We Chop It Up With L.A.'s Patron Saint of Lyricism
Check out this Blu interview conducted by Rebecca Haithcoat of LA Weekly.
Blu soundlessly materializes in Silverlake's La Mill coffee boutique. The rapper's aura is so serene it forms a barrier against the sounds of jittery fingertips flitting across keyboards and conversations that seem to be in fast forward. I think of a line from "Down to Earth," a song from his just-released latest album, NoYork!: "My feet stay planted so you shouldn't have to ask what I stand for."
Other rappers with the 28-year-old San Pedro native's resume (he turned down both Interscope and Death Row in 2004) might have long been breathing the rarefied air of superstardom. Although Blu sealed his place as one of the best lyricists in hip hop with his 2007 album produced by Exile, Below the Heavens, he prefers his underground fame and rabid fans. "I never saw myself as a Nelly," he says. "Common and Mos Def get their videos played, but never [excessively]. That's always what I aspired to be. I never thought Below would catapult us like it did."
Ahead of his show tonight at The Airliner, he discusses being sick of Below the Heavens, making his exit from rap, and why Lil B should be as big as Kanye.
Why did you name the album "NoYork!"?
I have so many explanations about the title I forget what I'm supposed to say in interviews. I always wanted to live in New York. New York is the state that runs the U.S. I don't know a state that works as hard as New York. I was like yo, if the United States was in a state of anarchy, it would be No York; it would be stateless. But this is a really Cali album to me--"NoYork" is me in Cali, and it's also like a new name for California.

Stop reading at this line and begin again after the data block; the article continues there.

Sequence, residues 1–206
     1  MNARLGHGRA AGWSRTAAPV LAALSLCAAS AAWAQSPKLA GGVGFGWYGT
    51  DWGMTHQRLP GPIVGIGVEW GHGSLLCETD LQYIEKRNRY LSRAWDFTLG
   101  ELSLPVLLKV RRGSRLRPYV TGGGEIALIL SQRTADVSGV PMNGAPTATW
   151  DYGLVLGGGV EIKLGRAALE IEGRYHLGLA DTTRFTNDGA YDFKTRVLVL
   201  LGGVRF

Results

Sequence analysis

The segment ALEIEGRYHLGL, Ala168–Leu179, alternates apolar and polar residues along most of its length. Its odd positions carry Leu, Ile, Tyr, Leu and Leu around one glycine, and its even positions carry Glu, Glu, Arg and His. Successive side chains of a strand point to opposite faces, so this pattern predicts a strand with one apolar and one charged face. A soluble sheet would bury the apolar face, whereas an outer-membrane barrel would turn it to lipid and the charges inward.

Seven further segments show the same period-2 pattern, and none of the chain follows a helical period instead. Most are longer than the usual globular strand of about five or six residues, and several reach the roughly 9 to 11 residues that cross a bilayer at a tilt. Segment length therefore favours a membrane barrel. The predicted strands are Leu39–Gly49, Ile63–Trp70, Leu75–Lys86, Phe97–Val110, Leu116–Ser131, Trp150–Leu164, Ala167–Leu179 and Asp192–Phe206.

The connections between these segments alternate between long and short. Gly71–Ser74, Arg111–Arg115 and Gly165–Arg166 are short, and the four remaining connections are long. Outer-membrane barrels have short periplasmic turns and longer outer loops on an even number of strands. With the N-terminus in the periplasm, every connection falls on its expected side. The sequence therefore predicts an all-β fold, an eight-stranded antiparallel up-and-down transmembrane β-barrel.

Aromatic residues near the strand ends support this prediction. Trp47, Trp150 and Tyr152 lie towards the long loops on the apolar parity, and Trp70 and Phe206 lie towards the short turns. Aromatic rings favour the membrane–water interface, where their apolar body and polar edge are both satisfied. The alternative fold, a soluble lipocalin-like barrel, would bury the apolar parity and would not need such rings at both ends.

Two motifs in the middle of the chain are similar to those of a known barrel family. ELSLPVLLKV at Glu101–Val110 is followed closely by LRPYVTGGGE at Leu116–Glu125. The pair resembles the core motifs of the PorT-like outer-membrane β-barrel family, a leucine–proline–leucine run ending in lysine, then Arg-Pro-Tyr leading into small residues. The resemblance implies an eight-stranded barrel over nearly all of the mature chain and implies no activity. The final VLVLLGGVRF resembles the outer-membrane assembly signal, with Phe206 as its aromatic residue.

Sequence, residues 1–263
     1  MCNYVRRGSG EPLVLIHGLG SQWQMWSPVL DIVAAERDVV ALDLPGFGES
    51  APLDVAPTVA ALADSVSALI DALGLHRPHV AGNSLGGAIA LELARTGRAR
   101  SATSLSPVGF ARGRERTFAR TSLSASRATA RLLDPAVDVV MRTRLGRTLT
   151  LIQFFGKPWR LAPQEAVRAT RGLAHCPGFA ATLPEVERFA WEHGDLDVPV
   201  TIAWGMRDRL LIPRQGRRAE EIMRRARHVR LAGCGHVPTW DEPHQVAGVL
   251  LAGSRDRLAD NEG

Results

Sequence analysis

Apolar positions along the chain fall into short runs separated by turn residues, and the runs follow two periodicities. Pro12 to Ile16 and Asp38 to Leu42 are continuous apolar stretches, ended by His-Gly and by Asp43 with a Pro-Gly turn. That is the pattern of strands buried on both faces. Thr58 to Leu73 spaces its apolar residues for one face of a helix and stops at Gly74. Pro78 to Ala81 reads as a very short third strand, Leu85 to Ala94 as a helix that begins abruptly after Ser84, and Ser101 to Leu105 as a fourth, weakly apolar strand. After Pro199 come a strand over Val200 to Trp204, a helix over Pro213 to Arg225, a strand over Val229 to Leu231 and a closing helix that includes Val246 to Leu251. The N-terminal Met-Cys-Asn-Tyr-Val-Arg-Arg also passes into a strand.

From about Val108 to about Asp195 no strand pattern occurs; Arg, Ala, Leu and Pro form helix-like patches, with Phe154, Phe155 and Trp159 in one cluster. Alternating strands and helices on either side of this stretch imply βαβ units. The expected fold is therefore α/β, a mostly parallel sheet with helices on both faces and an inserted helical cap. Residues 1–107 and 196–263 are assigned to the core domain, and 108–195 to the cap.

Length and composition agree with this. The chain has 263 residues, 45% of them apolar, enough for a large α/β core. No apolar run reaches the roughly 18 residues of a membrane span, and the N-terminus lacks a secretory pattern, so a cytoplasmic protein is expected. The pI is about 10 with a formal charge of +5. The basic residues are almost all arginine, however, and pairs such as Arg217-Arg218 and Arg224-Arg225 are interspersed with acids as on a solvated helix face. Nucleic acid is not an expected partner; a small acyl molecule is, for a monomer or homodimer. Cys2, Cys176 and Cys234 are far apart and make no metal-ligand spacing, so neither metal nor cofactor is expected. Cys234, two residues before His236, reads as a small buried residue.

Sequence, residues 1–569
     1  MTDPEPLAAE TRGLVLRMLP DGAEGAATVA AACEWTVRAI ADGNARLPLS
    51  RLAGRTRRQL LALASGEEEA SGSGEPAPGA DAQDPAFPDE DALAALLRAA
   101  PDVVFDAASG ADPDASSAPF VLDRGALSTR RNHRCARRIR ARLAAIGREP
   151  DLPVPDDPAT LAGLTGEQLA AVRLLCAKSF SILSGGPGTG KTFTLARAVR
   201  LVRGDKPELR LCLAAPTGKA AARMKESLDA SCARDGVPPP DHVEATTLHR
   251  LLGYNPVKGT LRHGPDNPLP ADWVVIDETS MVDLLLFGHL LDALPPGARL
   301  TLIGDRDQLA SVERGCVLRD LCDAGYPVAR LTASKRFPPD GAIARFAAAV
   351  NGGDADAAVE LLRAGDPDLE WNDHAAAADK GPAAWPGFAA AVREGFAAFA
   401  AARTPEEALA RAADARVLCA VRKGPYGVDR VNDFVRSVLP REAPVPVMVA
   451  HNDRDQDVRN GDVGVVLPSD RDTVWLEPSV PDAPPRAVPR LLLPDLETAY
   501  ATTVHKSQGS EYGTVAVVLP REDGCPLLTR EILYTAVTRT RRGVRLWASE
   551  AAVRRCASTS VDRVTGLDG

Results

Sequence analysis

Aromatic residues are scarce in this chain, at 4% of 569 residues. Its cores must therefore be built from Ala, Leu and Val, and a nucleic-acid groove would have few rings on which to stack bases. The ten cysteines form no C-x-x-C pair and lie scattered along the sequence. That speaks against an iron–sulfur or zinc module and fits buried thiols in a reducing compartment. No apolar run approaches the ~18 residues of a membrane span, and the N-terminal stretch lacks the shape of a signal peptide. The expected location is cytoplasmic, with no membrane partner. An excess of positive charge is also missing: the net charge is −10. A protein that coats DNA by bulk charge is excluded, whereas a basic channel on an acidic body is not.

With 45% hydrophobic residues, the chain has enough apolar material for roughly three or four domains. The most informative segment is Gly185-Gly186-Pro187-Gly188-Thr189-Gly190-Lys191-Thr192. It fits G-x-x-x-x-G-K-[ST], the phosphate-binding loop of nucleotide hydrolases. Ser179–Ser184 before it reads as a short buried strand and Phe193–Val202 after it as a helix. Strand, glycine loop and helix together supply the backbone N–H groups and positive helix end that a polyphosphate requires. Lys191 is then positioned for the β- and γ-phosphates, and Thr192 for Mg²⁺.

So why aren't you living in NYC?
I always have horrible trips there [laughs]. But the culture is so rich, even though I think all that culture is dying out--so in a way, it's NoYork, too. Still, there are tons of artists there who are under the radar. From Matt and Kim to Cubic Zirconia, they all perform in the same small ass club on the Lower East Side. So much untapped, unheard talent. NYC's underground artists aren't as known as ours.
Creatively, what was your intent with NoYork!?
I usually do very consistent sound pieces. This album was supposed to be a three-part record, produced by three different producers. But instead, it's in a three-part format: dark, synthful and bright, and traditional hip-hop sampling. People were expecting something soulful or lo fi, and this is more about energy, mood, colors. j e s u s [the EP Blu released in May] is probably my favorite record, but it's like a Cadillac, and NoYork! is a Range Rover. A cassette tape for the coupe, and something slicker, more high-tech for the Range. Below the Heavens is headphone music.
Continue reading the interview over at LA Weekly...